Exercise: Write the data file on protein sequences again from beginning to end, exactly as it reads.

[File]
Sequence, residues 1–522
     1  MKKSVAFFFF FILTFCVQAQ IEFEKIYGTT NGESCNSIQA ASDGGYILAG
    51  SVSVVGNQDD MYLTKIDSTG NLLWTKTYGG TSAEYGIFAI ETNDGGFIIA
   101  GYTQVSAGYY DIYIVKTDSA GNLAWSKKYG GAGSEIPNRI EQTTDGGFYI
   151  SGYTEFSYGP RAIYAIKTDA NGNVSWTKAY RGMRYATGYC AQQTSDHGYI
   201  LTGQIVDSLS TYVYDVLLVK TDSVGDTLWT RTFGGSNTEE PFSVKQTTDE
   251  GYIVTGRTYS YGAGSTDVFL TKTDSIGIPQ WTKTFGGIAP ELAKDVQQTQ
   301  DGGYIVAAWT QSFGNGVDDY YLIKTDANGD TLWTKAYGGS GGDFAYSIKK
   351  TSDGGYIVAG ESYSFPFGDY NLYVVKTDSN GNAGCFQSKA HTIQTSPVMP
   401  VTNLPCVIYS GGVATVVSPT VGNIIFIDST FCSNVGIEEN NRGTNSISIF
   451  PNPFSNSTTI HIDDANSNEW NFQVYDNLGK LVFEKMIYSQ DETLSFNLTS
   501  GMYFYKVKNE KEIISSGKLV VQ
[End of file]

Sequence, residues 1–522
     1  MKKSVAFFFF FILTFCVQAQ IEFEKIYGTT NGESCNSIQA ASDGGYILAG
    51  SVSVVGNQDD MYLTKIDSTG NLLWTKTYGG TSAEYGIFAI ETNDGGFIIA
   101  GYTQVSAGYY DIYIVKTDSA GNLAWSKKYG GAGSEIPNRI EQTTDGGFYI
   151  SGYTEFSYGP RAIYAIKTDA NGNVSWTKAY RGMRYATGYC AQQTSDHGYI
   201  LTGQIVDSLS TYVYDVLLVK TDSVGDTLWT RTFGGSNTEE PFSVKQTTDE
   251  GYIVTGRTYS YGAGSTDVFL TKTDSIGIPQ WTKTFGGIAP ELAKDVQQTQ
   301  DGGYIVAAWT QSFGNGVDDY YLIKTDANGD TLWTKAYGGS GGDFAYSIKK
   351  TSDGGYIVAG ESYSFPFGDY NLYVVKTDSN GNAGCFQSKA HTIQTSPVMP
   401  VTNLPCVIYS GGVATVVSPT VGNIIFIDST FCSNVGIEEN NRGTNSISIF
   451  PNPFSNSTTI HIDDANSNEW NFQVYDNLGK LVFEKMIYSQ DETLSFNLTS
   501  GMYFYKVKNE KEIISSGKLV VQ